Guest blogger George Weisz, president of Weisz Ventures and one of the members of the first Arizona trade mission to Israel, submitted the following after the trip concluded. (Weisz’s first person account of the earlier part of the trip, “Gov. Ducey visits Israel,” Jewish News, Oct. 16, is available here.)
The second half of Gov. Doug Ducey’s Arizona trade mission to Israel was as amazing as the first portion. He engaged in extensive meetings with Israel’s Prime Minister Benjamin Netanyahu; former President Shimon Peres; four Cabinet ministers; numerous Israeli start-ups; Wendy Singer, whose foundation Start-Up Nation Central continues the synergetic vibe of the book “Start-Up Nation”; water resource experts; and the developers of Iron Dome. Most importantly, the governor signed a letter of intent with the Israeli government to foster collaborative partnerships between Arizona and Israel which will lead to tremendous opportunities for Arizonans and our state’s economic growth. This first-ever Arizona trade mission to Israel, the vision of this governor, exceeded expectations.
The delegation witnessed “the miracle that is Israel.” The whirlwind itinerary was exhilarating as, around every corner, we saw more and more applications that could benefit Arizona. We were able to capture the true spirit of Israelis who manage to excel in so many areas, yielding more patents and more start-ups per capita than any other nation except the U.S. The contributions that Israelis make to the world in medicine, water management, agriculture, education, energy, homeland security and technologies of so many disciplines is unmatched.
It was not lost upon the delegation that Israel accomplishes all this while living in the most dangerous neighborhood in the world with rockets from Hamas and Hezbollah pointed at its homes and schools along with the repeated threat of real annihilation from Iran. We had a detailed, sobering briefing with Dore Gold, director-general of the Ministry of Foreign Affairs, who noted the increasing build-up of terrorist activities along most of Israel’s borders and the challenges to survival that Israel faces every day.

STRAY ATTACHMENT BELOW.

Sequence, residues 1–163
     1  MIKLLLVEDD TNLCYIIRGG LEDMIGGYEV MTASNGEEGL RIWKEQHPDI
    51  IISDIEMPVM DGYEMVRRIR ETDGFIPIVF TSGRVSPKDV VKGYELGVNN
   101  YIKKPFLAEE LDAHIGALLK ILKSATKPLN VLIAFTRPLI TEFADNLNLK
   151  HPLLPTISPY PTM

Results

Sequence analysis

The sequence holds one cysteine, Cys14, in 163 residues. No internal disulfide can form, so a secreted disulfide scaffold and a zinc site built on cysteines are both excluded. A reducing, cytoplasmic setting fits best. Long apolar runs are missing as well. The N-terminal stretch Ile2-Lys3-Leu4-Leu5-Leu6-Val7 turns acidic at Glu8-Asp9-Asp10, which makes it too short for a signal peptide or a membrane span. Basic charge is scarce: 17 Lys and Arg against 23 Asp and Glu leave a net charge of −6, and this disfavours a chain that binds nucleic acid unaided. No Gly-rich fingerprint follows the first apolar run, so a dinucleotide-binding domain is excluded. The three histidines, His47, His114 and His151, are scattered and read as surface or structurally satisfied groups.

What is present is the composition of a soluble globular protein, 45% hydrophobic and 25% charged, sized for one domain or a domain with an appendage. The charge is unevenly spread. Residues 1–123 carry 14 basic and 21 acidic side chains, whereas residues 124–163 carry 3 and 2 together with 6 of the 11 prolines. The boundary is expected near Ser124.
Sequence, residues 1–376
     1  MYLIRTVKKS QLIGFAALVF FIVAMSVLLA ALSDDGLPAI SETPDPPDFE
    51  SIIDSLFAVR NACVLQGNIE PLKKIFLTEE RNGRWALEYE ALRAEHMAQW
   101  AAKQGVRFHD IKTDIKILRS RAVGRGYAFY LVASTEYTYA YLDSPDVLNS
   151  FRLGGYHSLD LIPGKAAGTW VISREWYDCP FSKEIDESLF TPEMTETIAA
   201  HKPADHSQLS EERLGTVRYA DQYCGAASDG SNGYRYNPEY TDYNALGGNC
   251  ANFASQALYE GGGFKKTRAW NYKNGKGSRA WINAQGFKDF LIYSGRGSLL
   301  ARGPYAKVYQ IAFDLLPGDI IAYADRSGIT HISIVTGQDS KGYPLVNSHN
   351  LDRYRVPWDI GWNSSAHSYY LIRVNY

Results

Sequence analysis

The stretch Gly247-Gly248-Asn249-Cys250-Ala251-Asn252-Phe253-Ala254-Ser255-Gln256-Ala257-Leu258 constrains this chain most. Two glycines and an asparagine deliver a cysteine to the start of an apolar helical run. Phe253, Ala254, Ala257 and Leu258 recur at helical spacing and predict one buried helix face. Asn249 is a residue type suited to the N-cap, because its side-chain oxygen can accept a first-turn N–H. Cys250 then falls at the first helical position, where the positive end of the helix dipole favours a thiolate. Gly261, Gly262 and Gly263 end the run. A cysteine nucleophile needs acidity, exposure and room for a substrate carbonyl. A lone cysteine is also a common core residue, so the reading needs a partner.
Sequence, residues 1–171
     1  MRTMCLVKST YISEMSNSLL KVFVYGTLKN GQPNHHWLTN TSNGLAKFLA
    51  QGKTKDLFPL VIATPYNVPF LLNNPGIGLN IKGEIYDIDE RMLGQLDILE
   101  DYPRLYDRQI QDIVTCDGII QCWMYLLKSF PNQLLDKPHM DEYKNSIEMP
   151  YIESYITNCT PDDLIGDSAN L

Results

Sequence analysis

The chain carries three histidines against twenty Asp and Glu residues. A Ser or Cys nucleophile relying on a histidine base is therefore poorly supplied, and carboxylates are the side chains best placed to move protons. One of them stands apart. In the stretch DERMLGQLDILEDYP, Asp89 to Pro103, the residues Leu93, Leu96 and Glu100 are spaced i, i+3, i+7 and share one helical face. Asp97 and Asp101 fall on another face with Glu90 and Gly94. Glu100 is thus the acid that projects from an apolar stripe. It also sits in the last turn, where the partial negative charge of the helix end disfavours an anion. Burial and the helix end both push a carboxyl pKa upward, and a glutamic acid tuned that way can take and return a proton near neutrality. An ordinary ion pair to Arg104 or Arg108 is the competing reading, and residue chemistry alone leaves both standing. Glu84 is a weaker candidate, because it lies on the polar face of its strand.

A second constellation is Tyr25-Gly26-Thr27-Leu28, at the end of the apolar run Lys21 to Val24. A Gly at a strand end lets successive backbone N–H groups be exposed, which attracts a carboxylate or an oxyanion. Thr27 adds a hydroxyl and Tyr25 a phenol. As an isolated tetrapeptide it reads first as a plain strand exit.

We were in Israel at a time when innocent Israelis lost their lives to sporadic terrorist attacks, and many others were injured, with Palestinians clearly being incited by their leaders to specifically spill Israeli blood. We had just left the Church of the Holy Sepulchre, which has very special meaning to the governor and is a place one can feel such awesome spirituality no matter what one’s religion or culture. As our delegation was walking up the steps from the cavern of Muslim shops to the Jaffa Gate, four plainclothes Israeli police officers ran down the stairs past us to a site across the Old City, where a terrorist had just stabbed an Israeli police officer. Soon thereafter, Israeli authorities closed the Old City for an hour, a rare occurrence. While we were in Israel, 23 attacks occurred resulting in eight Israelis being murdered and 70 wounded. It reminded us of the Israeli adage: “If terrorists put down their weapons, there will be peace. If Israel puts down its weapons, there will be no Israel.”
The hearts of our delegation were deeply hurt as we heard of the escalating violence. We recognized that in addition to the precious lives that were lost, the terrorist leaders were also trying to damage Israel’s vibrant tourism industry from which many Israelis and Palestinians derive their living. Yet, we felt safe wherever we traveled within Israel, and safer than in some American cities. We found a nation whose people stayed vigilant every day while at the same time producing medical discoveries that were saving lives around the world. This was a society that was also intent on preserving the historic sites of all religions.
These terrorist attacks only strengthened the governor’s desire to show support for Israel, now more than ever. He has urged other national and state leaders to join him in that support. During our trip, he continuously received gratitude from both Israeli officials and average citizens, including servers at restaurants and start-up company workers, who stopped to thank him and his delegation for being in Israel and demonstrating our unwavering support.